Flowers that are used as a garnish or as an integral part of a dish, such as a salad. Not all flowers are edible. Those that are must usually be purchased from specialty produce markets or supermarkets that carry gourmet produce. They can be stored, tightly wrapped, in the refrigerator up to a week. Flowers that have been sprayed with pesticides (such as those found at florists') should never be eaten. Some of the more popular edible flowers are: the peppery-flavored nasturtiums; chive blossoms, which taste like a mild, sweet onion; pansies and violas, both with a flavor reminiscent of grapes; and perfumy, sweet roses. Other edible flowers include: almond, apple, borage, chamomile, lavender, lemon, lovage, mimosa, orange, peach, plum and squash blossoms, chrysanthemums, daisies, geraniums, jasmine, lilacs, marigolds and violets. Edible flowers may be used culinarily in a variety of ways. They make colorful, striking garnishes for drinks as well as foodfor everything from salads to soups to desserts. Some of the larger flowers such as squash blossoms can be stuffed and deep-fried.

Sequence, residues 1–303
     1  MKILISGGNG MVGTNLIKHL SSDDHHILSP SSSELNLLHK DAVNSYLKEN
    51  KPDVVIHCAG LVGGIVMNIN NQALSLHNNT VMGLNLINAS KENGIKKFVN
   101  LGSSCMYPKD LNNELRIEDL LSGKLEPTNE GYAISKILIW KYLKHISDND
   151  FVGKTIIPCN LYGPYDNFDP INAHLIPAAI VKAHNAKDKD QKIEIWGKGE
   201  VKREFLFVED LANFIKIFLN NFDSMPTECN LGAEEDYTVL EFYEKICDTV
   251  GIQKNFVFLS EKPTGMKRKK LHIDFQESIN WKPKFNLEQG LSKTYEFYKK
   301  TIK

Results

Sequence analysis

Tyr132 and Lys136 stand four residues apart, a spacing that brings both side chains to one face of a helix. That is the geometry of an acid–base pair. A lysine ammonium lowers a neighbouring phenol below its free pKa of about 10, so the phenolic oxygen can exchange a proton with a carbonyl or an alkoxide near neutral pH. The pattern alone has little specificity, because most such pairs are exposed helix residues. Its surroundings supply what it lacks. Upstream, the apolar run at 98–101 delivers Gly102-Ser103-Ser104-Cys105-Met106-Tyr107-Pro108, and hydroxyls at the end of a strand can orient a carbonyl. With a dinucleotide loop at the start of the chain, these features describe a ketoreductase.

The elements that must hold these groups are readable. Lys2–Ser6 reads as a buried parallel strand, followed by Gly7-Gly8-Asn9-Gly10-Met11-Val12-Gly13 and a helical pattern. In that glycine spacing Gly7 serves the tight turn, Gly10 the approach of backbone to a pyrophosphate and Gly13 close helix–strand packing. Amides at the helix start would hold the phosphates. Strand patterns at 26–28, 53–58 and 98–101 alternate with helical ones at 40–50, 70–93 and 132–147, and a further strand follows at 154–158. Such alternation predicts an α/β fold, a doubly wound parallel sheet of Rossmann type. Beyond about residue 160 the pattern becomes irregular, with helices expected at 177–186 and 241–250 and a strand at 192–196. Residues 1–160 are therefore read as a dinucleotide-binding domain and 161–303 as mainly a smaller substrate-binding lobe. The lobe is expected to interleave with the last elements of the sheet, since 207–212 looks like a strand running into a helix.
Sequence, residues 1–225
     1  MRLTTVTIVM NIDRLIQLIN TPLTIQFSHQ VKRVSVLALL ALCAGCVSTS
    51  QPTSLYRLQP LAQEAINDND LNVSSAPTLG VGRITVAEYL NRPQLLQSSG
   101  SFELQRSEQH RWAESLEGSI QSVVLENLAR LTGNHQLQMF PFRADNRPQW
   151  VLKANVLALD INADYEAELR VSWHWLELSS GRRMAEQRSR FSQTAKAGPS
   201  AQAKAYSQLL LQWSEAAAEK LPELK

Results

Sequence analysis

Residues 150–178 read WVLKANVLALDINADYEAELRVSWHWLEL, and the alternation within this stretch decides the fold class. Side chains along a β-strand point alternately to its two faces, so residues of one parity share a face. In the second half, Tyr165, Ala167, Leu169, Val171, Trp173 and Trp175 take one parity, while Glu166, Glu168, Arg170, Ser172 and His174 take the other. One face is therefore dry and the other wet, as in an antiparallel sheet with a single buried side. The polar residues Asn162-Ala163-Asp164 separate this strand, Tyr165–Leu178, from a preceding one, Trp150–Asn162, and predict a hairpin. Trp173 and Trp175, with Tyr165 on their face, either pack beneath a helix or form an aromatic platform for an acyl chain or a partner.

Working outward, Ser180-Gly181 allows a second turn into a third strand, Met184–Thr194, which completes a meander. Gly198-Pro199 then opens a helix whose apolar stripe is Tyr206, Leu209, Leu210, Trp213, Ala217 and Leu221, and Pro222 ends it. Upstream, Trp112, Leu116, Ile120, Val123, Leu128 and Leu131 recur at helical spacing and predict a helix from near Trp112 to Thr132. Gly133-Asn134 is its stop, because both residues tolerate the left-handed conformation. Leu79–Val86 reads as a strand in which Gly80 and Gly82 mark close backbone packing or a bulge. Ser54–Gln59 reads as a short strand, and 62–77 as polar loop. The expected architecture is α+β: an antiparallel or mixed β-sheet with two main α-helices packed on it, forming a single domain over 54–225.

From The Food Lover's Companion, Fourth edition by Sharon Tyler Herbst and Ron Herbst. Copyright © 2007, 2001, 1995, 1990 by Barron's Educational Series, Inc.
Related Recipes From Food Network
- Creamy Scrambled Eggs with Edible Flowers and Fines Herbs
- Rose 75
- Fresh Herb Pasta Salad
- Pinkies Chocolate Lunch Box Treats
- Easter Bonnet, Part One